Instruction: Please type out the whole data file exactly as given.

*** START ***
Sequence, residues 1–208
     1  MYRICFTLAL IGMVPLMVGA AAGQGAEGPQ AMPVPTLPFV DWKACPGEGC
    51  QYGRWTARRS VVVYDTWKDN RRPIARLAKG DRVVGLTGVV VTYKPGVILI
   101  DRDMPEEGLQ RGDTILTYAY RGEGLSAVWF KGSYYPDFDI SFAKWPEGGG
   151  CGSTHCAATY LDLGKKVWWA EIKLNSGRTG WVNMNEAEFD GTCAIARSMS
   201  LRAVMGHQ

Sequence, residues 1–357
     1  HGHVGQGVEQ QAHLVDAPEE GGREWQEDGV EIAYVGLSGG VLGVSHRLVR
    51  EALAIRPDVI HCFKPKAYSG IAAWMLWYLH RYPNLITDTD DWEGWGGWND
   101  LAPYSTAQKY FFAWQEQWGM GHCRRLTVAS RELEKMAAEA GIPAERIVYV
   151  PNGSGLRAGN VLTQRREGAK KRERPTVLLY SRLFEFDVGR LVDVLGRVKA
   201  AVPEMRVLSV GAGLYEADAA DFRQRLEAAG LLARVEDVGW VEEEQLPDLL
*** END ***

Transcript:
Sequence, residues 1–208
     1  MYRICFTLAL IGMVPLMVGA AAGQGAEGPQ AMPVPTLPFV DWKACPGEGC
    51  QYGRWTARRS VVVYDTWKDN RRPIARLAKG DRVVGLTGVV VTYKPGVILI
   101  DRDMPEEGLQ RGDTILTYAY RGEGLSAVWF KGSYYPDFDI SFAKWPEGGG
   151  CGSTHCAATY LDLGKKVWWA EIKLNSGRTG WVNMNEAEFD GTCAIARSMS
   201  LRAVMGHQ

Sequence, residues 1–357
     1  HGHVGQGVEQ QAHLVDAPEE GGREWQEDGV EIAYVGLSGG VLGVSHRLVR
    51  EALAIRPDVI HCFKPKAYSG IAAWMLWYLH RYPNLITDTD DWEGWGGWND
   101  LAPYSTAQKY FFAWQEQWGM GHCRRLTVAS RELEKMAAEA GIPAERIVYV
   151  PNGSGLRAGN VLTQRREGAK KRERPTVLLY SRLFEFDVGR LVDVLGRVKA
   201  AVPEMRVLSV GAGLYEADAA DFRQRLEAAG LLARVEDVGW VEEEQLPDLL